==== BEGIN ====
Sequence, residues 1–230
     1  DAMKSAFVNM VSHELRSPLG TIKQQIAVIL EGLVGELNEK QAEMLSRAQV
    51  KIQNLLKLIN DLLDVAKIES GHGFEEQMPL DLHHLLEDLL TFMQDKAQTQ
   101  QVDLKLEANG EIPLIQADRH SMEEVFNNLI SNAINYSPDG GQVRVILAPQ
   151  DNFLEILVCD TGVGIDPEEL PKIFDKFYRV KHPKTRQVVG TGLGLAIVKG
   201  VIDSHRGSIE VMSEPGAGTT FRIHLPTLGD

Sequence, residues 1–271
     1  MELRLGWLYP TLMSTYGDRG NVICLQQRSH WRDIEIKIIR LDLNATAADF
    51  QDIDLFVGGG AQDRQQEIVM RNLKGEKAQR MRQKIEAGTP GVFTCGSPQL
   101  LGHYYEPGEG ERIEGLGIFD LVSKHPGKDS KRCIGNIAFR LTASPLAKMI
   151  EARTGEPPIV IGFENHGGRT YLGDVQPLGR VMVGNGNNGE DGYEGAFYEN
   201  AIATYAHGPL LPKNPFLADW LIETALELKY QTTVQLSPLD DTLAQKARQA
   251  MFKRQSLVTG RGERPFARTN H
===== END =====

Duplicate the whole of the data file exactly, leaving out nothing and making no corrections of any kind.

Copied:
Sequence, residues 1–230
     1  DAMKSAFVNM VSHELRSPLG TIKQQIAVIL EGLVGELNEK QAEMLSRAQV
    51  KIQNLLKLIN DLLDVAKIES GHGFEEQMPL DLHHLLEDLL TFMQDKAQTQ
   101  QVDLKLEANG EIPLIQADRH SMEEVFNNLI SNAINYSPDG GQVRVILAPQ
   151  DNFLEILVCD TGVGIDPEEL PKIFDKFYRV KHPKTRQVVG TGLGLAIVKG
   201  VIDSHRGSIE VMSEPGAGTT FRIHLPTLGD

Sequence, residues 1–271
     1  MELRLGWLYP TLMSTYGDRG NVICLQQRSH WRDIEIKIIR LDLNATAADF
    51  QDIDLFVGGG AQDRQQEIVM RNLKGEKAQR MRQKIEAGTP GVFTCGSPQL
   101  LGHYYEPGEG ERIEGLGIFD LVSKHPGKDS KRCIGNIAFR LTASPLAKMI
   151  EARTGEPPIV IGFENHGGRT YLGDVQPLGR VMVGNGNNGE DGYEGAFYEN
   201  AIATYAHGPL LPKNPFLADW LIETALELKY QTTVQLSPLD DTLAQKARQA
   251  MFKRQSLVTG RGERPFARTN H